However, providing for such diversity would seem too ambitious, even granting that such diverse roles are useful in the knowing organisation. This may therefore be the future KM landscape, but reaching this may be some considerable time away.

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SUMMARY For KM to be valued, people as potential users of a KMS must : be able to ask the right questions they must know their knowledge gaps other people must be convinced to share information in the interests of the organisation as a whole unique knowledge must be codified and be captured knowledge must be accessible and be secure when people need specific knowledge, they can get it really value knowledge as an asset.
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DISCUSSION QUESTIONS (1)

1.

WHY DO YOU CONSIDER THAT MANY ORGANISATIONS DO NOT VALUE KNOWLEDGE AS AN ASSET ?

DISCUSSION QUESTIONS (2)


2. USING A SCHOOL OR COLLEGE WITH WHICH YOU ARE FAMILIAR, EXPLAIN WHAT IS MEANT BY THE TERM INTELLECTUAL CAPITAL.

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SESSION 12

SPECIALISED INFORMATION SYSTEMS ARTIFICIAL INTELLIGENCE AND EXPERT SYSTEMS

ARTIFICIAL INTELLIGENCE (AI) -- A DEFINITION ROBOTICS VISIONING SYSTEMS NEURAL LANGUAGE PROCESSING LEARNING SYSTEMS NEURAL NETWORKS EXPERT SYSTEMS DISCUSSION QUESTIONS

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ARTIFICIAL INTELLIGENCE (AI) A DEFINITION The activity of providing machines such as computers with the ability to display behaviour that would be regarded as intelligent if it were observed in humans. Advances in AI have indeed lead to systems that work like the human brain to recognise complex patterns. Research in this field is continuing because the application potential spans most industries.

The ambition, some generations away, will be to be to align the human brain with that of a computer to see if they are capable of being distinguished !!

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Criteria for this alignment will be to : learn from past experience and apply the knowledge gained process complexity solve problems with imperfect information prioritise respond quickly internet visual images be creative and imaginative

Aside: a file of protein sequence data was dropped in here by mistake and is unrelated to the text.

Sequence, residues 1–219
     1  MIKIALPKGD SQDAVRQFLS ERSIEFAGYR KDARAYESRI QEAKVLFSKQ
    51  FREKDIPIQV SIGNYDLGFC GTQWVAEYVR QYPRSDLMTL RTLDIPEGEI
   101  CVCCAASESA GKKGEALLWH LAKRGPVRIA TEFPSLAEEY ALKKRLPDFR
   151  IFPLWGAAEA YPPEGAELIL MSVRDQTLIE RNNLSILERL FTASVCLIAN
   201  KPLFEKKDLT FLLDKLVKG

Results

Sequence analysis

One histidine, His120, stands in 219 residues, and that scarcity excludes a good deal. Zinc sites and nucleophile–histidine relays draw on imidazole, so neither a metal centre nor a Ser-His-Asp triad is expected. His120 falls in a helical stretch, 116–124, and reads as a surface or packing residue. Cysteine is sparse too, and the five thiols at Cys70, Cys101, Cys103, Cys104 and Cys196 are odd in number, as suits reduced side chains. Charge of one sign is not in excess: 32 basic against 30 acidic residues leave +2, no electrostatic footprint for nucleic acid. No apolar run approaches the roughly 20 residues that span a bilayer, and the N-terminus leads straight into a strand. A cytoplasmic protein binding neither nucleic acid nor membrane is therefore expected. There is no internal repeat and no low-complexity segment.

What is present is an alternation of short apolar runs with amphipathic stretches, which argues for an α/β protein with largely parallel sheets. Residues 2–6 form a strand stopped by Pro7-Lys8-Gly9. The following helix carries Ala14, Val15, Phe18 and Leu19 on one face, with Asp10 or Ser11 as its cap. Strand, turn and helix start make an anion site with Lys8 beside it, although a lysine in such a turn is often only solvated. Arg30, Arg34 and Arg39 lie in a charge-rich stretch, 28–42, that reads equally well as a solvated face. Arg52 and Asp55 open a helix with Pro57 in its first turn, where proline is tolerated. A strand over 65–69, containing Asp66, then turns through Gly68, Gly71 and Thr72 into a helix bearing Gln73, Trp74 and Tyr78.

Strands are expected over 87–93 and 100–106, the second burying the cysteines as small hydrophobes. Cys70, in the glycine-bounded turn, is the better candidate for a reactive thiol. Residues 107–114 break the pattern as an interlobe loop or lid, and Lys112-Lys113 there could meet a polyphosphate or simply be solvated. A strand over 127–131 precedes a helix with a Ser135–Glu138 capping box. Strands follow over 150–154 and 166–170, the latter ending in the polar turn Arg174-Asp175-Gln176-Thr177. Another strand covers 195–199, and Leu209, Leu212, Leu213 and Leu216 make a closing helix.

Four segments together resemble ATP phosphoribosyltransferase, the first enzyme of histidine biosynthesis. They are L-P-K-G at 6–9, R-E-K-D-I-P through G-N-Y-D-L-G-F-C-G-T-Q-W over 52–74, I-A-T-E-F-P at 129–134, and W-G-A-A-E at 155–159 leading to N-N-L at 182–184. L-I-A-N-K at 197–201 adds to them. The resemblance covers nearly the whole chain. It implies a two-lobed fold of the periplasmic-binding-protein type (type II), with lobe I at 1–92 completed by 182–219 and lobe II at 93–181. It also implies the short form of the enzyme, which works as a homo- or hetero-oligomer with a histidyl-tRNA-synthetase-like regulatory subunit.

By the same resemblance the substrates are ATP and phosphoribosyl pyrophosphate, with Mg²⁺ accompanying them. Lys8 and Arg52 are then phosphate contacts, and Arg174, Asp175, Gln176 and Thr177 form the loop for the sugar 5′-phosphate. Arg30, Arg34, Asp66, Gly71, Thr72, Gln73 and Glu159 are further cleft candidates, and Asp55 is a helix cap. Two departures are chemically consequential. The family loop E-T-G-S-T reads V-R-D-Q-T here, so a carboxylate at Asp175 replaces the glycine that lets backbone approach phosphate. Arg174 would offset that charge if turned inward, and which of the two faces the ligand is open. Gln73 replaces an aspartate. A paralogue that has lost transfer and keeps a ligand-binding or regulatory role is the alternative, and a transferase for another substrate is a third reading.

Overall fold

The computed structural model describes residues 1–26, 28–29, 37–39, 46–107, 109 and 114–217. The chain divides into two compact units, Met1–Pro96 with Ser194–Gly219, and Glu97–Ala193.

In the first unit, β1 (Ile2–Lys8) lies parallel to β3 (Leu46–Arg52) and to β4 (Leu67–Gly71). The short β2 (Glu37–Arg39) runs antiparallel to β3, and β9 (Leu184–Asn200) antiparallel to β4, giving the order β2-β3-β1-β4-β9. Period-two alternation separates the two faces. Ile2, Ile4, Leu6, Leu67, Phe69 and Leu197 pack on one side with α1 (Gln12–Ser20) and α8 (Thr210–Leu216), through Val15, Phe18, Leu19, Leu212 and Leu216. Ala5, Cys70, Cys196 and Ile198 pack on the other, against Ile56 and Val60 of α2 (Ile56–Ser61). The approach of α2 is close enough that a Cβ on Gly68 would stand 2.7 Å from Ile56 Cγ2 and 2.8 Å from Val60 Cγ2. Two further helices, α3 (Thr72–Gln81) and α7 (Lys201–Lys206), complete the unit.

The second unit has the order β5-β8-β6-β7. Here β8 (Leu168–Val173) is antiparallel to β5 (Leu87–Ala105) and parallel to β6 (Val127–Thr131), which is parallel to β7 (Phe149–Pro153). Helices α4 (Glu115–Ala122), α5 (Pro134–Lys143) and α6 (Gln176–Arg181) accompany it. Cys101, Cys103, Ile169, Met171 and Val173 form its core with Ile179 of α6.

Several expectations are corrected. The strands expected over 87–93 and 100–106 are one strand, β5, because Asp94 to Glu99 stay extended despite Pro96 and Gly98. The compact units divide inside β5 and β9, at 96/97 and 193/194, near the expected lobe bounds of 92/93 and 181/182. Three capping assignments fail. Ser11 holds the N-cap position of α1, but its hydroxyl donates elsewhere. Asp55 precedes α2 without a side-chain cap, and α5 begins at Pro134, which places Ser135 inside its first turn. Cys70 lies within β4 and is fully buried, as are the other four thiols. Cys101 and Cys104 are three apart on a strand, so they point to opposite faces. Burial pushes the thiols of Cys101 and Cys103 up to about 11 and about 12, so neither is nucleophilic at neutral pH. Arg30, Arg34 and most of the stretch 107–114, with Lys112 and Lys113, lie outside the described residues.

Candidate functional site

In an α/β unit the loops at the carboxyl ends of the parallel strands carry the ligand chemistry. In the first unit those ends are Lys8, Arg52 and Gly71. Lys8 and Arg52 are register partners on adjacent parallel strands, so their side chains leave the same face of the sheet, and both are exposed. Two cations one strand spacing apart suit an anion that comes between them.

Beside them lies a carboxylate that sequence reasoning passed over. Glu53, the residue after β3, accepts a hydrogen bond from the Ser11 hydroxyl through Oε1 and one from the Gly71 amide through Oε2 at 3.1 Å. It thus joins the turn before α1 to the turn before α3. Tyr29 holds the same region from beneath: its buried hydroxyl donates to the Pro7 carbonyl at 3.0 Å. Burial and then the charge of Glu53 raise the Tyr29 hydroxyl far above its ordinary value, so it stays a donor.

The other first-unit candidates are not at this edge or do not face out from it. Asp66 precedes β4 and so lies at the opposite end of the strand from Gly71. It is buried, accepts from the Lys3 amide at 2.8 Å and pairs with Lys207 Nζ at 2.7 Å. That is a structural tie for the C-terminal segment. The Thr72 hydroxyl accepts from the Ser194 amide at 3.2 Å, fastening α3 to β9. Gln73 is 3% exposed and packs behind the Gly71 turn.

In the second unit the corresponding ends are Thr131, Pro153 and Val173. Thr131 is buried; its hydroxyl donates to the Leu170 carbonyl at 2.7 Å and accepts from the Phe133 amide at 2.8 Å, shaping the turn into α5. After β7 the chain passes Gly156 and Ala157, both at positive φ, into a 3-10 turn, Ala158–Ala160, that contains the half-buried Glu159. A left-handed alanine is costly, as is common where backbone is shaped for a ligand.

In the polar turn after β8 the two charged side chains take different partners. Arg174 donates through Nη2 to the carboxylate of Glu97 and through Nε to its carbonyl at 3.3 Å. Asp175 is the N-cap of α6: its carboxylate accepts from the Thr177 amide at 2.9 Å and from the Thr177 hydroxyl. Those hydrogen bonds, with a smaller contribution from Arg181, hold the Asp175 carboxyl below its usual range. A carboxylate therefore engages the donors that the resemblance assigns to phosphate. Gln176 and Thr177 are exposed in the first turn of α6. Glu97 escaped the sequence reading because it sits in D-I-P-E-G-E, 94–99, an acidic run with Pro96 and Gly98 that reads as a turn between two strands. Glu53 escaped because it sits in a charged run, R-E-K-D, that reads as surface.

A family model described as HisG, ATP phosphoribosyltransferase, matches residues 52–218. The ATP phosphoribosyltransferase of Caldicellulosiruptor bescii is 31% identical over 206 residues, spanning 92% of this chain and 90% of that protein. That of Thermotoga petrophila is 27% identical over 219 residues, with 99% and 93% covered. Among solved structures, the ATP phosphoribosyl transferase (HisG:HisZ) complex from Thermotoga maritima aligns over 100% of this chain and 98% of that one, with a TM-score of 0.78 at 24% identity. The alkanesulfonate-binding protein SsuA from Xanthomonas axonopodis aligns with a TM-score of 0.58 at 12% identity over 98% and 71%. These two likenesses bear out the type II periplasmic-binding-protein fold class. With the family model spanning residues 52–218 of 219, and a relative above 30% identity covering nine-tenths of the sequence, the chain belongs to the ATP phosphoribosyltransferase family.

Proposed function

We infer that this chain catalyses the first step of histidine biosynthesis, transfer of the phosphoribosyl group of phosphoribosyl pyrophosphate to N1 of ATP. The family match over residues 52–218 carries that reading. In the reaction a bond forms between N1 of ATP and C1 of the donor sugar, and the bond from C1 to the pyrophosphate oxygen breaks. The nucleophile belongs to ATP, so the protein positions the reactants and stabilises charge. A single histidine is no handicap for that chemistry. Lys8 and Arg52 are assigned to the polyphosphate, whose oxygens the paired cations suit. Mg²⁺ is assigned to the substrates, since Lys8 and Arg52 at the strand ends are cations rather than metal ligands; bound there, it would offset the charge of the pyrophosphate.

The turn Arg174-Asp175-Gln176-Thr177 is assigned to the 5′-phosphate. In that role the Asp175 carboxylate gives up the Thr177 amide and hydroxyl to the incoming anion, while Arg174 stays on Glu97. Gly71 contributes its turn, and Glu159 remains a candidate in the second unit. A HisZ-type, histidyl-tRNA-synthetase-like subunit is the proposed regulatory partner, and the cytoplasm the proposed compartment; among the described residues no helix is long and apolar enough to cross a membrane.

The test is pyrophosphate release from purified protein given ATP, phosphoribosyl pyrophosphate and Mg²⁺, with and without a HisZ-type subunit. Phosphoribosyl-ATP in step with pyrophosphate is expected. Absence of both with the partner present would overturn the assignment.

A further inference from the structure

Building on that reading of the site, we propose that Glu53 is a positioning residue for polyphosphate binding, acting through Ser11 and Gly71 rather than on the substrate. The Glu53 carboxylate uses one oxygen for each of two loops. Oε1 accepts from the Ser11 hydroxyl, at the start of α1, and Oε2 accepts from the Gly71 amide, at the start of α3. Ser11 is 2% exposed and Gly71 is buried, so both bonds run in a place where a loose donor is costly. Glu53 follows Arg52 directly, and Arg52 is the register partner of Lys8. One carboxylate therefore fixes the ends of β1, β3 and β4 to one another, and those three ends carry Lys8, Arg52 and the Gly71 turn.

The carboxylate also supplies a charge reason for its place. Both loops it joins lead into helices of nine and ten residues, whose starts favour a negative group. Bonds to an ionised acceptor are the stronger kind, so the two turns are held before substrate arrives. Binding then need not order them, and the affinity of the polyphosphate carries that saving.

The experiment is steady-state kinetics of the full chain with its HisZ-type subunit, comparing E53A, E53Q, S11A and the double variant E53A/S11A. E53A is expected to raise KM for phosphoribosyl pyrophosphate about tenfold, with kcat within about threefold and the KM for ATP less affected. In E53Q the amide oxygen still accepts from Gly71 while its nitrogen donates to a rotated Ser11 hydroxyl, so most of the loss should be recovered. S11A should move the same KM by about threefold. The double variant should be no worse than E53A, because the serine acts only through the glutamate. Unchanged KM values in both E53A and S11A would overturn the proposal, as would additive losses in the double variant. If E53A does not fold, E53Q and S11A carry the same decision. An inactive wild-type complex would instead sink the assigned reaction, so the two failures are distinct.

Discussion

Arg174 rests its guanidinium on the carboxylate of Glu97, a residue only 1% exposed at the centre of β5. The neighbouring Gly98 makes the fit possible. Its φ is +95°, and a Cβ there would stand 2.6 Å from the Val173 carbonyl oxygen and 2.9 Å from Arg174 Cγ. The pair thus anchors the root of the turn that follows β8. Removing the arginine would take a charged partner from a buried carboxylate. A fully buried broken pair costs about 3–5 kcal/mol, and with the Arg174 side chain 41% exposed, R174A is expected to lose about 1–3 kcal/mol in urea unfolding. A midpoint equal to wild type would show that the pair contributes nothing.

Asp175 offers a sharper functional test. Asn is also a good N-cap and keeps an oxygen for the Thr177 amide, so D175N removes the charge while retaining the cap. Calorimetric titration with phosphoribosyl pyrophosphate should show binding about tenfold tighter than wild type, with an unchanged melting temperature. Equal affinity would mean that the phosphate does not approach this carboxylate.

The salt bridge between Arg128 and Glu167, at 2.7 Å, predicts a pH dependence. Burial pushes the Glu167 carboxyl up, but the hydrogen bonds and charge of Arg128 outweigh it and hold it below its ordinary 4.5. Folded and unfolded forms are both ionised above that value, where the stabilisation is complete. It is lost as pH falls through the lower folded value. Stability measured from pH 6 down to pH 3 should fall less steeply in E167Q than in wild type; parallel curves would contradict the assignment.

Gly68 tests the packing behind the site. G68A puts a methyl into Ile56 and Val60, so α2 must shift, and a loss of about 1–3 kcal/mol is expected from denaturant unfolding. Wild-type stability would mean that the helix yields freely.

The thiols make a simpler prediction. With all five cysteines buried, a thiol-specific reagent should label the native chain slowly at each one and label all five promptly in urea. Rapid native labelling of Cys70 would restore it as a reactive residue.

So yes, there is yet a well-defined difference between natural and artificial intelligence, but there are specialised areas that have emerged, for example :
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Expert Systems (to be treated separately) Robotics Vision and hearing systems
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Learning Systems Natural Language Processing Neural Networks

Many of which are developing now in parallel !!

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ROBOTICS The software that is controlling robots is what is really important, as far as the field of Artificial Intelligence is concerned. The end use applications are vast for example : Precision welding on Production lines Handling repetitive manufacturing tasks with precision Unmanned vehicles Surgical support for selected operations Military applications

The field is expanding rapidly and even moving towards micro-robotics.

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VISIONING SYSTEMS These are designed to capture, store and interpret visual images, for example, fingerprint analysis used for forensic investigations that can access a database to identify the subjects required for future review. Visioning systems are also used in manufacturing quality control, the potential is considerable in the future.

NATURAL LANGUAGE PROCESSING This specialised application allows computers to interpret natural voice communications and to respond accordingly. Voice recognition systems convert sound waves into words, and then the natural language processing system reacts to the words as commands. The future may permit language translations based upon simple voice commands. The potential again is tremendous.
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LEARNING SYSTEMS The A1 software requires feedback from decisions taken to determine future actions and responses. Many computer games are using learning systems as a means to establish inter-activity with the user (or players). NEURAL NETWORKS Neural networks (called neural nets) are configured to simulate the working of the human brain. They require complex software programming, however, their end-use applications are invaluable because huge amounts of data input can be processed, for example : for drilling applications in the oil & gas industry for city customer traffic management for forecasting demand of specified systems Once again this evolution, or revolution is in its infancy relative to the future potential.